The ABC will launch its new lifestyle website on Monday, as it faces increasing criticism and a federal government inquiry into whether it is moving outside its charter and competing with commercial rivals.
The website, to be called ABC Life, will “showcase content on issues important to all Australians — work and careers, health and wellbeing, finance, relationships and family — free from commercial agendas”. It was developed under the ABC’s “Investing in Audiences” strategy, which was announced last year. Guardian Australia reports that 18 journalists were hired to work on the project — almost matching the 20 senior journalists in newsrooms around the country made redundant earlier this year to invest in the ABC’s “digital strategy”.
The launch comes as attacks on the broadcaster increase. It is currently facing a competitive neutrality inquiry by the ACCC, which is taking submissions that included one from Fairfax — about to be taken over by Nine — that criticised the ABC for using government money to produce “clickbait”. Commercial media outlets say the ABC should focus on high-quality and specialised content, not content and stories that chase ratings or clicks, and that are already produced by other outlets in the market.
The ABC is conscious of this. In the press release announcing the new website, there are two references to the new website being free from commercial or advertiser interests.
Managing director Michelle Guthrie has argued, repeating the ABC’s submission to the inquiry, that the ABC needs to meet the changing needs and habits of Australians, and that providing digital content beyond public interest journalism was within its remit.
“ABC radio and television broadcasts focus on genres that are far removed from commercial output. We have no interest in reality TV formats, chequebook interviews and the music genres of commercial FM — programming that draws the biggest and therefore most lucrative audiences for commercial media,” Guthrie wrote for Fairfax in June. “We also reject the argument that by delivering news and other content free on online platforms we are undermining efforts by some commercial media operators to extract revenue from their digital content.”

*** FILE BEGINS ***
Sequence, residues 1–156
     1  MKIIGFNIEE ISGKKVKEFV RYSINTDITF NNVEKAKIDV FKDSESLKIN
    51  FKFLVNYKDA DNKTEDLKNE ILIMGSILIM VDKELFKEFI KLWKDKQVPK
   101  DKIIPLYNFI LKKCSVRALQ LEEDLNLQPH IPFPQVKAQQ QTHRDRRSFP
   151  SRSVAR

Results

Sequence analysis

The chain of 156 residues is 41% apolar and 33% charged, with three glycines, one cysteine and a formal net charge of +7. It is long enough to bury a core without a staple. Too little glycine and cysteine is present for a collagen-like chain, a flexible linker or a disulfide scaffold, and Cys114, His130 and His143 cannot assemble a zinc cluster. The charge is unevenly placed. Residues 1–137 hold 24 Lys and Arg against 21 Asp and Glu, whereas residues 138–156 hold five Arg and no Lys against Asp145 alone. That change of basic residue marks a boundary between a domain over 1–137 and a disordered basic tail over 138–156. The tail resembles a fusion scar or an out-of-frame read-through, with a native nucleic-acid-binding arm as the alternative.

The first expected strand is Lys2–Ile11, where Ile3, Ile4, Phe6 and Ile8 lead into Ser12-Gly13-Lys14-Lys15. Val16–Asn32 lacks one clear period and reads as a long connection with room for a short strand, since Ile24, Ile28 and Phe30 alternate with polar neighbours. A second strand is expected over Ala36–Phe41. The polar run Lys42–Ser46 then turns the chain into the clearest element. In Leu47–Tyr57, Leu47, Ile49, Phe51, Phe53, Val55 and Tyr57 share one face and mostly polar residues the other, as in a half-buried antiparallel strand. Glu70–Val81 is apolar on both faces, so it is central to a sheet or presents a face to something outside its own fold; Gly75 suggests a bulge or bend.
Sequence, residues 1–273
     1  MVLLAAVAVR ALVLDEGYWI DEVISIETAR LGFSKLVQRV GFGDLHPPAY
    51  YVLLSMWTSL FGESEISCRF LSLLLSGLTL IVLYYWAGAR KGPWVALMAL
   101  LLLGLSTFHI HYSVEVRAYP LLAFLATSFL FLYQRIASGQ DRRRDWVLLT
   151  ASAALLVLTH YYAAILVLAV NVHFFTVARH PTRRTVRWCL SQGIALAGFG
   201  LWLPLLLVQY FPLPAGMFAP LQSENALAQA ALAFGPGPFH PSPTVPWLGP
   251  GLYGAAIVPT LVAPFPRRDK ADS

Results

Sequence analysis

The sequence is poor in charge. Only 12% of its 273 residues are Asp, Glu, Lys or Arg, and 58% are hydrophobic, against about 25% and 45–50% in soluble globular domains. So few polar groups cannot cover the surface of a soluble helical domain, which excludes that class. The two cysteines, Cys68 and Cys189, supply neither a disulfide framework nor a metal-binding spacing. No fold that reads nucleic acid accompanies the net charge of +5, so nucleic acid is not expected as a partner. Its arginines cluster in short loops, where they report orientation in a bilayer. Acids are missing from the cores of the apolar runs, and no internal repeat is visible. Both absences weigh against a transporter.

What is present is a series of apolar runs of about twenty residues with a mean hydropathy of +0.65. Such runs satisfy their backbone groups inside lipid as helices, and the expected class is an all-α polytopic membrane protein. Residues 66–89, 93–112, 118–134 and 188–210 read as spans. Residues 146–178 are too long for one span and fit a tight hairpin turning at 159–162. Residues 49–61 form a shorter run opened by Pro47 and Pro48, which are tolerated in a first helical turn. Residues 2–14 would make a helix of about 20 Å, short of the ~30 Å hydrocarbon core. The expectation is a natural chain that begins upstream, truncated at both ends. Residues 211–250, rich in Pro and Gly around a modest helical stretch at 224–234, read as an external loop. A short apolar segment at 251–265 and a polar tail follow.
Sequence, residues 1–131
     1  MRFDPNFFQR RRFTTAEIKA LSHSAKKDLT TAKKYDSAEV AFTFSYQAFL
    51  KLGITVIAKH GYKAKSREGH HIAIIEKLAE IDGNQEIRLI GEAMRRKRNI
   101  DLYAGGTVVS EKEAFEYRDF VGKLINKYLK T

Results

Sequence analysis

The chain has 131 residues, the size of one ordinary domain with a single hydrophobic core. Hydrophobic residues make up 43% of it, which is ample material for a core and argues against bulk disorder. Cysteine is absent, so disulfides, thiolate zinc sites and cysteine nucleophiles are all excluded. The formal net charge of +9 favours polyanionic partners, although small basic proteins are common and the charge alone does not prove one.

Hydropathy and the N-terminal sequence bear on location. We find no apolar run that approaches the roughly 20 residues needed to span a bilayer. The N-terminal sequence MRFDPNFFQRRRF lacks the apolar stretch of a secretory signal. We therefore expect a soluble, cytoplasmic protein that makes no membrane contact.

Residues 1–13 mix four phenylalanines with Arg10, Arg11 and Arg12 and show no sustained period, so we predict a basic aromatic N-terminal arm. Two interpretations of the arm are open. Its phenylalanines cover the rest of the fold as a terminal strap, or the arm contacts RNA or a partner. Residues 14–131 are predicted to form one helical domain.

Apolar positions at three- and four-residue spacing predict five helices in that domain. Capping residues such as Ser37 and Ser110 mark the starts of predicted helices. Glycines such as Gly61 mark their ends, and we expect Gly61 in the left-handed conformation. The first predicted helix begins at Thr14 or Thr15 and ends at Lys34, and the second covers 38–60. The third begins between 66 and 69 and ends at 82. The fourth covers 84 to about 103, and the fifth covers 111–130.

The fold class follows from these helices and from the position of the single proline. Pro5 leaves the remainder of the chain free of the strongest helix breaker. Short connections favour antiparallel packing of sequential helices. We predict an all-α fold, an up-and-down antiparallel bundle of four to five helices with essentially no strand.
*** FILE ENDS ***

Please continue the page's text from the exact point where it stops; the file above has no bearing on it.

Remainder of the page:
The launch of the site only adds more fuel to the calls for the ABC to be reined in. The Australian has been referring to the site as a “BuzzFeed page for the ABC” and Free TV CEO Bridget Fair has said lifestyle is already “one of the most comprehensively covered market segments in Australian media”.
The ABC has responded to the criticism with one of its now-regular “correcting the record” statements, including quotes attributed to ABC staffers.
Recent media reports on the upcoming new ABC digital site ABC Life have promulgated incorrect information based on nothing but anonymous quotes attributed to alleged ‘staffers’. No authorised, discoverable ABC spokesperson has made the statements that the purpose of ABC Life is ‘to replicate content that does well on commercial sites’ or that it will be a ‘BuzzFeed page for the ABC’. While the ABC does not disclose internal financial details, the figures put on the ABC Life budget have been grossly inflated.
Meanwhile, the competitive neutrality inquiry continues, and the website is something it should consider, Communications Minister Mitch Fifield has said.